UCSB Hist 2C, Spring 2008
World History, 1700-present (course homepage)

Prof. Marcuse
June 3, 2008

2008 Hist 2c
Final Exam Study Guide
(pdf for printing -note 6/6/08: link fixed, and "parsing" from L20 ppt added only to this page, below)

Note Sun. 6/8/08, 11:30pm: clarification added to comprehensive question, below.
For II.1: India and China are different world regions.


Mon., June 9, noon-3. However,the guideline time is two hours. Give your TA a large blue book.
The final examination counts for 20% of your final grade (95 points as noted below, plus 5 bonus points).

  1. Identify and define the significance (30 minutes total, 3 @ 15 points each)
    [model midterm ID answers]
    On the exam itself, you will be given 9 of the following terms, from which you will select three. You should identify each one (including an approximate date), situating it correctly in a period and region of world history. Then take special care to explain why the term is significant in the context of world history. Ask yourself: Would history have taken a different course without this event or person? Or: Is this person or term an example of some important principle that played a role in the course of world history?

Amnesty International


Ottoman Empire

Antiquarian history (uses & abuses)

Ho Chi Minh



Mao Zedong


Authoritarian rule

Mughal Empire


Balfour Declaration


Sun Yat-Sen

Export-oriented development


Versailles Treaty



White Wolf

II. Post-midterm essay question : The exam will have one of the following questions, which you will have to answer. You will not be able to choose which question. (45 minutes and 25 points) (back to top)

  1. For three examples from different global regions, discuss how colonized/semi-colonized societies resisted or attempted to resist imperialist control. What alternatives did they envisage? Were they based on imported ideas or native traditions? Explain why each attempt succeeded or failed.
    • ["parsing" added 6/6/08 from L20 ppt:]
      • Africa, Americas, Asia, Europe, Middle East, Oceania
      • from textbook chaps. 17, 18, 19, 20, (21); reader wks. 6, 8, (10)
  2. Compare the causes and longer-term effects of World Wars I and II. To what extent was each truly global in scope? How did their outcomes (peace settlements) set the stage for events in the decades that followed? What features of the world were fundamentally different after the war compared to before it? What important technological developments were catalyzed by each?
    • ["parsing" added 6/6/08 from L20 ppt:]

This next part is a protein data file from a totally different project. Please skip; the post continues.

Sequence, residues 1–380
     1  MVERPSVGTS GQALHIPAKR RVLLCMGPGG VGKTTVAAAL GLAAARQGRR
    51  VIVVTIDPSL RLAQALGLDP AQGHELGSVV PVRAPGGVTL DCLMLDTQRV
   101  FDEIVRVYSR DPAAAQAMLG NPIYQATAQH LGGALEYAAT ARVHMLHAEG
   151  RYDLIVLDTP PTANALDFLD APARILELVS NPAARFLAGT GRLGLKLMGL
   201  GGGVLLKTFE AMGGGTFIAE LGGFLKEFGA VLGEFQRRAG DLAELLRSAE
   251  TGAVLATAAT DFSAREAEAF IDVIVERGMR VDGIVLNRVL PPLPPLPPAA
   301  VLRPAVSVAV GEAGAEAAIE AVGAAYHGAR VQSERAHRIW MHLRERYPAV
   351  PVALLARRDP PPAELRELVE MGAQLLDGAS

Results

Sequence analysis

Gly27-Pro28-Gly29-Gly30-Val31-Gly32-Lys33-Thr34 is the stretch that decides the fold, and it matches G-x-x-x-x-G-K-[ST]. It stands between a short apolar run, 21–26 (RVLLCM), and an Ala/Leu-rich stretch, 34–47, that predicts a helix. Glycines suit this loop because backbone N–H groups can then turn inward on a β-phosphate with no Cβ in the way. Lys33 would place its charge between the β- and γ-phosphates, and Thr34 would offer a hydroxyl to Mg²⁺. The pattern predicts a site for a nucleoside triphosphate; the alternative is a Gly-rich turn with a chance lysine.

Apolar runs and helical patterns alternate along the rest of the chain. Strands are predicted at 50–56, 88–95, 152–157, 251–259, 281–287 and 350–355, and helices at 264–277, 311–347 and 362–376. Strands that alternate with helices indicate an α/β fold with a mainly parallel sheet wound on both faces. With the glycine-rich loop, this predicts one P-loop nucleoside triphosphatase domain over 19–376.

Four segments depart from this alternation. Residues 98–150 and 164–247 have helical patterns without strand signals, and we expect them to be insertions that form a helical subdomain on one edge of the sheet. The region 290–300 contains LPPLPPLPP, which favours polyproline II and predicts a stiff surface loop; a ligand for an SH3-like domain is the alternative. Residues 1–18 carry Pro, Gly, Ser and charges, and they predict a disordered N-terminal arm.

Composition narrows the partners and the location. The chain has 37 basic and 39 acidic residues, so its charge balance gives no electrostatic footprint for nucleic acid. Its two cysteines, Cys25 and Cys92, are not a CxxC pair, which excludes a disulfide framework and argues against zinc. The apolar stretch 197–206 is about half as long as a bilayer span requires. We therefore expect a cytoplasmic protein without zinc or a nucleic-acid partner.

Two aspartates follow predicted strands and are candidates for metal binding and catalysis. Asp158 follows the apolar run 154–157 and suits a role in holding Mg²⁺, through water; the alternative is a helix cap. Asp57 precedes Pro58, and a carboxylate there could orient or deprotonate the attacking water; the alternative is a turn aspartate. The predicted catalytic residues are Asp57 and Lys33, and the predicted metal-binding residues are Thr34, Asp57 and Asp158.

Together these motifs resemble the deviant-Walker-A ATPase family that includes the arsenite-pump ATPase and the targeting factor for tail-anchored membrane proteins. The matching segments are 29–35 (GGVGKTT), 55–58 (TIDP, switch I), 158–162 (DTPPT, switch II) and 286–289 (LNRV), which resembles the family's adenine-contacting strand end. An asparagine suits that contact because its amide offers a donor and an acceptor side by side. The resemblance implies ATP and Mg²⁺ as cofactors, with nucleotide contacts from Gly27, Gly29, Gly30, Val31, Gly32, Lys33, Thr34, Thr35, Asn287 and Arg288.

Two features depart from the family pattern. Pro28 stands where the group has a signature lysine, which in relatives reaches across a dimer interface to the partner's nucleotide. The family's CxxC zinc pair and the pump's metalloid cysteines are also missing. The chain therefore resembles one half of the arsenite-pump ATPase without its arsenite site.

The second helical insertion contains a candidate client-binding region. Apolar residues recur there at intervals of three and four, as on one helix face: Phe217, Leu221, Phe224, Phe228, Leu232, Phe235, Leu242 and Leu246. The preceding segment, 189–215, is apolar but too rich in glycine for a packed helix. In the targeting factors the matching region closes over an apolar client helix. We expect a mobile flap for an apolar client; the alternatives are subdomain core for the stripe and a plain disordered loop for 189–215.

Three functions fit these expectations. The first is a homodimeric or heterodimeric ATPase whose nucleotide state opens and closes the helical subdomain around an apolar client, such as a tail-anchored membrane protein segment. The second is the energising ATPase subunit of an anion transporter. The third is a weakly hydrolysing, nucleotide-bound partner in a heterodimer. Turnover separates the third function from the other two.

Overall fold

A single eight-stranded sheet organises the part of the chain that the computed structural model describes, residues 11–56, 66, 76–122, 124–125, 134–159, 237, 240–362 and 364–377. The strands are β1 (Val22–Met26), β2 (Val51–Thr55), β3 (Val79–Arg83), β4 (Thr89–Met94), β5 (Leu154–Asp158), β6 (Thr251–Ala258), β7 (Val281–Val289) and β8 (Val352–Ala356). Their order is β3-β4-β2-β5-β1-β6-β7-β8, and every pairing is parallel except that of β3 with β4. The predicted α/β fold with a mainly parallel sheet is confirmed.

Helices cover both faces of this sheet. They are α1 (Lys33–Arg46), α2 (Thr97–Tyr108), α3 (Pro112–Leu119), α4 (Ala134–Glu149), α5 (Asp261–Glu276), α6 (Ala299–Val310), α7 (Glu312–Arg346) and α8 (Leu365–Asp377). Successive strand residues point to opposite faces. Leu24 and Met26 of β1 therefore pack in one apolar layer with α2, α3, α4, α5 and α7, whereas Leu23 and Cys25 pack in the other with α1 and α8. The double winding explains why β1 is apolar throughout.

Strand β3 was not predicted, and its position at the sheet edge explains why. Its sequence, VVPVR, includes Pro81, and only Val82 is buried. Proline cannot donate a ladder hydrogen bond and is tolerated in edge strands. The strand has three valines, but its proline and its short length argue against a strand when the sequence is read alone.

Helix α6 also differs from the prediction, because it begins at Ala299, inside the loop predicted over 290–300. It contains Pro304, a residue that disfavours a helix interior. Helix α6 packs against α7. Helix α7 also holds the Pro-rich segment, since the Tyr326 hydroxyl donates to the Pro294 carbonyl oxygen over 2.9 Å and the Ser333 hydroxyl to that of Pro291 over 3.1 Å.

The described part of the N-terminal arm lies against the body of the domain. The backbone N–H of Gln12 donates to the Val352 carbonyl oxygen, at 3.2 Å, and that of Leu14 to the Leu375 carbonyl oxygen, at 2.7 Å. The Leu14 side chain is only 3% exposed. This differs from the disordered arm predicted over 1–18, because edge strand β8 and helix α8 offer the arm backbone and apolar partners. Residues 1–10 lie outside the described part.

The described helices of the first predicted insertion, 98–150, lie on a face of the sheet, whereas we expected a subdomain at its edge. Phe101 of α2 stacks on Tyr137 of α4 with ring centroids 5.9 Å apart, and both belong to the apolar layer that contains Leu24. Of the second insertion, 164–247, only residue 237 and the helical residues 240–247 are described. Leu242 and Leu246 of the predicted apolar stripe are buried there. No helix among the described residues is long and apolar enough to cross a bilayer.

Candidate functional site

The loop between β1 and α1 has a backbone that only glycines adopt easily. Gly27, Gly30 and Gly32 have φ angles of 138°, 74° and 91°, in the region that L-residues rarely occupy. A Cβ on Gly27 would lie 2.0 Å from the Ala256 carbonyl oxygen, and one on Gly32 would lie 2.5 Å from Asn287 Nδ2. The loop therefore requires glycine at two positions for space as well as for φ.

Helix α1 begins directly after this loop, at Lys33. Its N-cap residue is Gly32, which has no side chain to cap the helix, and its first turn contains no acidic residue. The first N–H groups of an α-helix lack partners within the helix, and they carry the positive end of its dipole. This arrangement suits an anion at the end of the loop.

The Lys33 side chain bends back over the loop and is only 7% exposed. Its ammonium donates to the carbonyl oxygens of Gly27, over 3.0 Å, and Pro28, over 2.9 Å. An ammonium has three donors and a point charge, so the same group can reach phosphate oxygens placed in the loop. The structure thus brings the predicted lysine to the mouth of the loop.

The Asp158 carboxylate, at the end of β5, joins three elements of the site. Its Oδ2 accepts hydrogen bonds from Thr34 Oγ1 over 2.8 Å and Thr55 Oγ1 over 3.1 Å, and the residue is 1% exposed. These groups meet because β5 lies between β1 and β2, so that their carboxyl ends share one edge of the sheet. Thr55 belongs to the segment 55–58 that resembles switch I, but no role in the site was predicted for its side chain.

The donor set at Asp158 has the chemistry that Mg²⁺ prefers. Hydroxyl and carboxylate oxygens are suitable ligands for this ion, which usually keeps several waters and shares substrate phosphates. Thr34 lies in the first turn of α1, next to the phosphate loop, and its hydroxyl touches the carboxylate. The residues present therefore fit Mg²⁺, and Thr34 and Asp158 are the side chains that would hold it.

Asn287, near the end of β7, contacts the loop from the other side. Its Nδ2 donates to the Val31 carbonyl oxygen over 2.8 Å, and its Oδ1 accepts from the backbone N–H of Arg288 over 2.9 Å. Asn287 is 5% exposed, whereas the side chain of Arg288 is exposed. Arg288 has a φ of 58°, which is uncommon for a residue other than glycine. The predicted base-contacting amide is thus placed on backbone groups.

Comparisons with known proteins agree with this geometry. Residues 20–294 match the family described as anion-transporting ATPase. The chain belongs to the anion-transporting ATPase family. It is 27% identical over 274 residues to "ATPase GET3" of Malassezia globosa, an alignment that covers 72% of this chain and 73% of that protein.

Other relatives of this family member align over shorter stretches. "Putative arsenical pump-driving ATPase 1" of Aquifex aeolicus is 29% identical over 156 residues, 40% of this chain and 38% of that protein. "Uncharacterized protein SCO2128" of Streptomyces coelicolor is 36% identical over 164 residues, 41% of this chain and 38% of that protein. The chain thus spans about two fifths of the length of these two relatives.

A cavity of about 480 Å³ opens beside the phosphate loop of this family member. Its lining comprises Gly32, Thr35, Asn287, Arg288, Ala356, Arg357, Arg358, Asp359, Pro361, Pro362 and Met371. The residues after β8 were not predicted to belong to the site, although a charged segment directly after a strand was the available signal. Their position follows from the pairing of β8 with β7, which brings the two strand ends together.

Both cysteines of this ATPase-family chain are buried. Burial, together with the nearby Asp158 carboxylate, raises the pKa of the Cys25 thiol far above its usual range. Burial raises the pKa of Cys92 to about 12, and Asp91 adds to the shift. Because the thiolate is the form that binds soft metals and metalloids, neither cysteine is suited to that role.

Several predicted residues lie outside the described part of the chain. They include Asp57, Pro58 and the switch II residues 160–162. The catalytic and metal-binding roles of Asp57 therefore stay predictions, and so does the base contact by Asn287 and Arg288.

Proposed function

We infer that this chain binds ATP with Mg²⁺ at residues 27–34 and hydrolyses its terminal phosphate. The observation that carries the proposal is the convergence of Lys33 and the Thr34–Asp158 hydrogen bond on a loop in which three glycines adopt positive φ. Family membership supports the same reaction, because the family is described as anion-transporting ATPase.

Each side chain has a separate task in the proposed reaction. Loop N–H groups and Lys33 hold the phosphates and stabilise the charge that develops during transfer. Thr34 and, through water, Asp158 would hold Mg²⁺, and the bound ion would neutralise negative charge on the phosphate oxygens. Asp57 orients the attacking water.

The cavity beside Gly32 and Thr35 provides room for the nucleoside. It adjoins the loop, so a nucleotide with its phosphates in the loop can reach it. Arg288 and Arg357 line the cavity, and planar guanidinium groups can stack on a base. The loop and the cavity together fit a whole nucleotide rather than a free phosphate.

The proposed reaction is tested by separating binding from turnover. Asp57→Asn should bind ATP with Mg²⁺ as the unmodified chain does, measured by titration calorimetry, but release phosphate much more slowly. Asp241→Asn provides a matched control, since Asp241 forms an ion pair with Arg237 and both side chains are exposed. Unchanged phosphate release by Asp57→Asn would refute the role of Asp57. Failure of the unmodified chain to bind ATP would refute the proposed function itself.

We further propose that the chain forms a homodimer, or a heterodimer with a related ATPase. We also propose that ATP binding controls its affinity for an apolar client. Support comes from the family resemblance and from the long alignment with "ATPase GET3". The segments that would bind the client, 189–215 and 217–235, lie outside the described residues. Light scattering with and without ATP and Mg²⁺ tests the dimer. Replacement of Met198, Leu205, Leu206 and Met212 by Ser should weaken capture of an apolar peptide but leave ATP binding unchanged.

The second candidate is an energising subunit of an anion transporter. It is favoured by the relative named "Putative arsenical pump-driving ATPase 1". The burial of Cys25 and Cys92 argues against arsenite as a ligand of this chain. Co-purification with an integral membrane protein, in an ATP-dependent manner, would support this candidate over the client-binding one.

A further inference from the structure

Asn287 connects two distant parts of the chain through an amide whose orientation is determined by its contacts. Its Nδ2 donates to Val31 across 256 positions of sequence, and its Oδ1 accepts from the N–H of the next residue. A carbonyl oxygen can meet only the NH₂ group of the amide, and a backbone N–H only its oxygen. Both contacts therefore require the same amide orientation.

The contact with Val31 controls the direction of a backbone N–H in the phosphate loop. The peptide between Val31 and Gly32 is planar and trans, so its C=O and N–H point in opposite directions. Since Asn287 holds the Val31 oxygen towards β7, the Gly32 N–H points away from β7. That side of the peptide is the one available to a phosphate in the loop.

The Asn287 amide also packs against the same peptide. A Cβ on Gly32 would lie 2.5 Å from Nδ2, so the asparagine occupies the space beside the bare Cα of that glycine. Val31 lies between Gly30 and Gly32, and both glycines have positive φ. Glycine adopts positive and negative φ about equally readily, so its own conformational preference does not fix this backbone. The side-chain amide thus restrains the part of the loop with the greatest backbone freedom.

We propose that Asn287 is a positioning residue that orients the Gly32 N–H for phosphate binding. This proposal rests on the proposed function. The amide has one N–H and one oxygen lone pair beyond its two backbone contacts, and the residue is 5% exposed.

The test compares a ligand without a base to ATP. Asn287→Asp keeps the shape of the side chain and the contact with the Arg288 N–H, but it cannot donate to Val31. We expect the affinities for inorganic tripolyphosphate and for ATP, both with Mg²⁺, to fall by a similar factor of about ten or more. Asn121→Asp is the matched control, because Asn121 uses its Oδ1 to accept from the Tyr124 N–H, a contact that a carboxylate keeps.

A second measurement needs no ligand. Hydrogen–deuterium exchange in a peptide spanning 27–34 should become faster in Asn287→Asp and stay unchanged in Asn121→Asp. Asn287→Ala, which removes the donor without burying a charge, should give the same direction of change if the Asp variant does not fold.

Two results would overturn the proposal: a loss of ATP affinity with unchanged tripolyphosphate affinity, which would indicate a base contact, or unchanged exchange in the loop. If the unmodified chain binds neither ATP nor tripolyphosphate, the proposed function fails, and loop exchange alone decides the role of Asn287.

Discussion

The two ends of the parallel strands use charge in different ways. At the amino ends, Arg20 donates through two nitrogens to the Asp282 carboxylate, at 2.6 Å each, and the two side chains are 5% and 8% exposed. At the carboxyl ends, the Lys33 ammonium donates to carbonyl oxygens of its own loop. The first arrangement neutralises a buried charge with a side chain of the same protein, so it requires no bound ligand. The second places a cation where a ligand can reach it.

• Causes of WW1 vs. causes of WW2
      • Longer term effects of 1 vs. 2
      • Causes global? Consequences global?
      • What big events followed from each? / Changes in world?
      • Among the effects: technological developments
  3. After World War II global interactions between the "three worlds" were shaped by decolonization and the Cold War. After describing the defining characteristics of each "world," explain what the countries in each category were attempting to achieve. Then for four examples, at least one from each "world," first explain why the country can be considered a part of that "world." Finally, discuss how successful it was in achieving those goals? Why?
    • ["parsing" added 6/6/08 from L20 ppt:]
      • define/describe each category of 3 worlds, include goals
      • pick four examples
        • explain which world -- can be part of definition, above
      • discuss reasons for success, partial success or failure

III. Comprehensive essay question : On the exam you will have to compose an essay answering the following question. (45 minutes and 25 points) (back to top)

  • We have discussed many factors that have caused world-historical developments. For three examples, with one each from the 1700s, 1800s, and 1900s, and coming from three different regions of the globe, discuss the factors that brought about that event. In each case, be sure to consider what role the world-historical and cultural contexts played. The best answers will also discuss some factors that might have played an important role, but did not.
    • ["parsing" added 6/6/08 from L20 ppt:]
      • Pick and prepare 3 examples (diff. centuries, diff. regions)
      • Factors that did cause / factors that did not play a role
      • some events span 2 centuries, you can use them for either
    • [added 6/8/08, Sun. 11:30pm: "world-historical developments" and "that event" mean the same thing here. "World-historical" means things that affected multiple regions of the globe and made a lasting change in the balance of power between them or in the way those regions interacted.]

Study Tips (back to top)

  • See Rampolla, Pocket Guide, pages 40f  for some advice on answering ID questions.
  • In grading the essays, we will be looking for the following:
    1. a basic command of facts relating to the events in question ("C")
    2. a thesis statement (B-/C+)
    3. arguments using specific cases or examples supporting that thesis (A- - B-)
    4. whether counterarguments and counterevidence are addressed ("A").
  • Note that it is always impressive when you can link people/concepts/events from across the course.
    Example: Negritude [WTWA 873f] with Jomo Kenyatta [WTWA 841] & Mazrui/Tidy [Reader 71].

page created by H. Marcuse,June 3, 2008, updated: 6/8/08
back to top, to UCSB Hist 2c homepage; (2003 study guide; 2006 study guide)